Tina Wren gave birth to a daughter named Emma last month. The mother was twenty-five years old at the time. Her daughter was twenty-four. How is this possible?
Tina and her husband Benjamin married seven years ago, but the couple assumed they could not have biological children because Benjamin has cystic fibrosis, which often results in infertility. They fostered a few children, until Tina’s father suggested embryo adoption.
This is the process by which couples who use in vitro fertilization (IVF) donate unused frozen embryos to other couples. The Wrens went to the National Embryo Donation Center in Knoxville, Tennessee, where they received a donated embryo. It turns out, that embryo had been created through IVF and frozen twenty-four years earlier.
Tina gave birth to the baby she received. She told reporters, “This embryo and I could have been best friends.” As it is, they are now mother and daughter.
If Tina and Benjamin had another way to become pregnant, it seems likely that they would not have chosen this route. But they know that their new daughter is indeed a miracle.
Responding to “unexpected opportunities”
Many of the choices we make aren’t really choices. If we have only one option, it becomes the best option.
For instance, the National Institutes of Health (NIH) will begin making lethal viruses. Dr. Francis Collins, director of the NIH, explained that such research is necessary to “develop strategies and effective countermeasures against rapidly evolving pathogens that pose a threat to public health.” Research involving the influenza virus, severe acute respiratory syndrome (known as SARS), and Middle East respiratory syndrome (or MERS) will now proceed.
The NIH would rather not develop these dangerous pathogens, since they could threaten millions of lives if they are not stored properly or escape from a lab. But the only way to create a cure for such diseases is to understand them, and scientists cannot understand them if they cannot study them.
In other news, Chick-fil-A continues to receive applause for violating its policy not to open on Sundays. Since opening his first restaurant in 1946, founder Truett Cathy closed his stores on Sundays so employees and customers could go to church and spend time with their families.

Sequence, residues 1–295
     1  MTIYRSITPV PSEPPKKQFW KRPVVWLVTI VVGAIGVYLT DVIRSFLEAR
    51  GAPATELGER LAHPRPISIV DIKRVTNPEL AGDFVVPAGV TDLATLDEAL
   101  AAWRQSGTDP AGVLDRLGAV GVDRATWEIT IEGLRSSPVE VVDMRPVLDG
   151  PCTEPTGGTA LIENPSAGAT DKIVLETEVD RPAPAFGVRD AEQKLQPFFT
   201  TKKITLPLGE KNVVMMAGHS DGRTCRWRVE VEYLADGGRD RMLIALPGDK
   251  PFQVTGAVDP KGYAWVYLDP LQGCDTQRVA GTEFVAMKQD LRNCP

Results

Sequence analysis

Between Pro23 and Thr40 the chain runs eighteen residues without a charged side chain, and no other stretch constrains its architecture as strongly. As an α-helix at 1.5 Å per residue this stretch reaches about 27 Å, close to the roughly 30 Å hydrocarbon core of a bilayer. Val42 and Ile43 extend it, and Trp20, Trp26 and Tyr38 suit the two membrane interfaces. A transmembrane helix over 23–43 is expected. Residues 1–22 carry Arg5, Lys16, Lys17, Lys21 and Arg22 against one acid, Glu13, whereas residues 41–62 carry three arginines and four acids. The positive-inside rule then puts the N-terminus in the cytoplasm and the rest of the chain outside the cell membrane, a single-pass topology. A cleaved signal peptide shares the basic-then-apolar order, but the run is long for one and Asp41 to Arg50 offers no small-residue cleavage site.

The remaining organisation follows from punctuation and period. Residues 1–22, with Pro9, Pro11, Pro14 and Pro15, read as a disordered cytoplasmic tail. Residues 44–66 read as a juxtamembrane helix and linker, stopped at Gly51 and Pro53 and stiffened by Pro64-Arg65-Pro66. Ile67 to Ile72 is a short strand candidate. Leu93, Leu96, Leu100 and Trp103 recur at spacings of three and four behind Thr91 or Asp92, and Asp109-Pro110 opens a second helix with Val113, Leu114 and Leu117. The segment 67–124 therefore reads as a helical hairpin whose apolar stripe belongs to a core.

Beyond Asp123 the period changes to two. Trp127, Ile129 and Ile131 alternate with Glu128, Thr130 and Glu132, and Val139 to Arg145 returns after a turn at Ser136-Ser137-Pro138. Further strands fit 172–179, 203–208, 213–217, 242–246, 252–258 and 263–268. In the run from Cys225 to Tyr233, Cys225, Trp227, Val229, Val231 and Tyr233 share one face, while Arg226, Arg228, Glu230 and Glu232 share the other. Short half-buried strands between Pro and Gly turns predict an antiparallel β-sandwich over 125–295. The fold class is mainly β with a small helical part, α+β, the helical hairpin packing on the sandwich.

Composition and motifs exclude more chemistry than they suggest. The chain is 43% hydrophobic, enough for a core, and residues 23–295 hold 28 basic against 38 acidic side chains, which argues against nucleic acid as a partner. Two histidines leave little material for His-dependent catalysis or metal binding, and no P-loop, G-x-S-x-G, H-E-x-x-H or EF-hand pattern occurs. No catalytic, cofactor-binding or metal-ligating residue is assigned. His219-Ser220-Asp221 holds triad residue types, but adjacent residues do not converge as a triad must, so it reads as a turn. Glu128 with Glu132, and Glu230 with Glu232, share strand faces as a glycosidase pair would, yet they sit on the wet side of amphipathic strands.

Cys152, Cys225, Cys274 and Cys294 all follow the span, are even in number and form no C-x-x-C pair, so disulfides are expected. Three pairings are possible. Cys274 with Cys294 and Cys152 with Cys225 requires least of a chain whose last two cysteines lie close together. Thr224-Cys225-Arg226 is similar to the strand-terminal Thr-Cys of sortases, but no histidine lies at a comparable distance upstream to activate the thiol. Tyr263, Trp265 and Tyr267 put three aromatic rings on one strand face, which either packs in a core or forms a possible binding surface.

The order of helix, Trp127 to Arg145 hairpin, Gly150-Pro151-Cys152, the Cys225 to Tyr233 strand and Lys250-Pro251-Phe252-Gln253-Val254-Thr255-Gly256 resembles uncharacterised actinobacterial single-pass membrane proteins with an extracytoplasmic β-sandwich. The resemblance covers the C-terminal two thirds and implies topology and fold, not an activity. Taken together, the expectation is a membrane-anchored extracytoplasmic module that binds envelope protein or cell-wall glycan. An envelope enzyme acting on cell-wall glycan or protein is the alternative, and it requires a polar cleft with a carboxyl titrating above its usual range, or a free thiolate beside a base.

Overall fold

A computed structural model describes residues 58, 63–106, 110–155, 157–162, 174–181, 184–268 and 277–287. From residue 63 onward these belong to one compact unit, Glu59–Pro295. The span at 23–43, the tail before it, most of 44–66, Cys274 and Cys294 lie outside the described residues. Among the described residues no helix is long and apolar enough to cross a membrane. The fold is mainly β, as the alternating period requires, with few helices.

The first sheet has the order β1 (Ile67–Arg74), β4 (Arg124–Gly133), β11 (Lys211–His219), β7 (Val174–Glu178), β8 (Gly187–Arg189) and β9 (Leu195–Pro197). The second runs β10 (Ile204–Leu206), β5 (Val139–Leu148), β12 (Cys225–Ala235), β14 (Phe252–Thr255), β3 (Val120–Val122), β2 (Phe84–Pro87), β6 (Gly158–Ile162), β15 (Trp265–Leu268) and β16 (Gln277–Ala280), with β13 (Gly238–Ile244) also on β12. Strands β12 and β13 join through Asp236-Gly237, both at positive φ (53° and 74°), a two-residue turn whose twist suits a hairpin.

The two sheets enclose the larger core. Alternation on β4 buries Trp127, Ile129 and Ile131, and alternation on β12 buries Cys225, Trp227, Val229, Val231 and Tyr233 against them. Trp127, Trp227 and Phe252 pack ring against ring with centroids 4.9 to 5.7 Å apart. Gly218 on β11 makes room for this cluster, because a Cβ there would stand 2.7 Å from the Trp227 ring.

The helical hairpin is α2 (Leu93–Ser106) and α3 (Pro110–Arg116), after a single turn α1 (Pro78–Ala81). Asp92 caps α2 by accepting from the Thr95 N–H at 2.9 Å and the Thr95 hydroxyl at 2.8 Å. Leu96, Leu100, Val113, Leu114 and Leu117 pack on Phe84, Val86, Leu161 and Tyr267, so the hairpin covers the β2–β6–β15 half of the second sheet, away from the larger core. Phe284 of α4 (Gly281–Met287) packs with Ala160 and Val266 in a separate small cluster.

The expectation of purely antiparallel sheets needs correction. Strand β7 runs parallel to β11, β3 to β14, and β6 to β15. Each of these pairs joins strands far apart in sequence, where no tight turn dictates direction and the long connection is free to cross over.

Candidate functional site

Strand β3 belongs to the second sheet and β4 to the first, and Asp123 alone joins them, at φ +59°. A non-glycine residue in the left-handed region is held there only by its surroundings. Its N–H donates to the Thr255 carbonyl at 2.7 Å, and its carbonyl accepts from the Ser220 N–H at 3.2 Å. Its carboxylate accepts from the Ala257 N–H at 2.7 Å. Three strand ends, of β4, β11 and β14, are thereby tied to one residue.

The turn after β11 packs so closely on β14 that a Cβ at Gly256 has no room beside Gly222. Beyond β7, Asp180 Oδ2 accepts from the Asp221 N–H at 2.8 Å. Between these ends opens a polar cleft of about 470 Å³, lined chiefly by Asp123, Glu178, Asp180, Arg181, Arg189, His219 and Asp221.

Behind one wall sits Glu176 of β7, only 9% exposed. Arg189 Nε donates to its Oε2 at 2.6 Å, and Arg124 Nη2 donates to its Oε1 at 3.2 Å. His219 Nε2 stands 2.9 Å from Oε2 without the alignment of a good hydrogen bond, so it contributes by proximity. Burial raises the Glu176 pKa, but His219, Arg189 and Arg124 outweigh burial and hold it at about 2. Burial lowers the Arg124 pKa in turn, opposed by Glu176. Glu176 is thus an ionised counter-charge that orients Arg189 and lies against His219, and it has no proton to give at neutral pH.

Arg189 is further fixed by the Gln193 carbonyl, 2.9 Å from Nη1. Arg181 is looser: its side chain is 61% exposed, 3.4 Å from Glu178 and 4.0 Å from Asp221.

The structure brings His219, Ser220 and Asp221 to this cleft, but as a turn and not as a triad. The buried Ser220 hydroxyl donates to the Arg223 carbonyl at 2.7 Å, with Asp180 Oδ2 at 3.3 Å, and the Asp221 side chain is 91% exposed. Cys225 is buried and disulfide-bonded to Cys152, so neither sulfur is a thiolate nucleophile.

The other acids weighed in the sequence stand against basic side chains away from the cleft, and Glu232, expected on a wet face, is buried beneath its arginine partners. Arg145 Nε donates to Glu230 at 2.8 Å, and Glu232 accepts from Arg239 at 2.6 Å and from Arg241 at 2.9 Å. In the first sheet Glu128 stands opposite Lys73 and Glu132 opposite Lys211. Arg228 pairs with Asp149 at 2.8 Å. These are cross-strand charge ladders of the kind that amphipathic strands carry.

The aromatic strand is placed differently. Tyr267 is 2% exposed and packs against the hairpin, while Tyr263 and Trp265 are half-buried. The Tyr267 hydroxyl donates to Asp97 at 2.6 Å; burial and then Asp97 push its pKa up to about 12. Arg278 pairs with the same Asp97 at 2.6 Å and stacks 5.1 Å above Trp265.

However, the mayor of Atlanta called at 10 p.m. last Sunday to ask for help. A major power outage had halted flights and stranded thousands of passengers at Hartsfield-Jackson airport.
In response, the company mobilized staff and team members to make and deliver sandwiches to those responding to the emergency. CEO Dan Cathy and other company officials also distributed sandwiches and bottled water to passengers after the airport’s power was restored. According to the mayor, 2,000 meals in total went out to weary travelers.
The company made the same decision in Orlando, Florida, after a mass shooting at a gay nightclub last year. Employees provided food to people who were donating blood and to law enforcement officers responding to the tragedy.
Clearly, Chick-fil-A would rather not have opened on these Sundays, but there was no other way to offer the service they rendered. As Truett Cathy said, “We change the world, and ourselves, by our response to unexpected opportunities.”
The baby who was born to die
In yesterday’s My Utmost for His Highest reading, Oswald Chambers advised us, “When you find yourself face to face with a person who is spiritually lost, remind yourself of Jesus Christ on the cross. If that person can get to God in any other way, then the Cross of Christ is unnecessary.”
The same is true of Christmas.
If it were not necessary for Jesus to be born in Bethlehem’s stable and die on Calvary’s cross, he would not have done so. Our Savior gave up splendor in heaven beyond our ability to imagine (cf. Revelation 4:2–11) to become a helpless infant born to peasant parents and laid in a rough feed trough. His life on earth was marked by weariness (John 4:6; Matthew 8:24), homelessness (Matthew 8:20), and rejection by his own family (Mark 3:21; John 7:5) and the crowds he served (Matthew 27:23). He suffered horrific torture (John 19:1) and execution (v. 23).
Worst of all, he bore our sins on his sinless soul (2 Corinthians 5:21), a cost none of us can begin to understand.
I fear that we take Christmas for granted. Many in our culture ignore Jesus’ birth completely, while others pause only briefly to consider his incarnational sacrifice before proceeding to open presents, eat a meal, and watch football. Even those who are most devoted to him can all too easily overlook the price he paid to become one of us that we might be one with him.
But if there were another way to save our lost souls, Jesus would have taken it. He was the only baby in all of human history who knew his life and death before his birth. And he would be born to die all over again, just for you.
When last did you thank Christ for Christmas?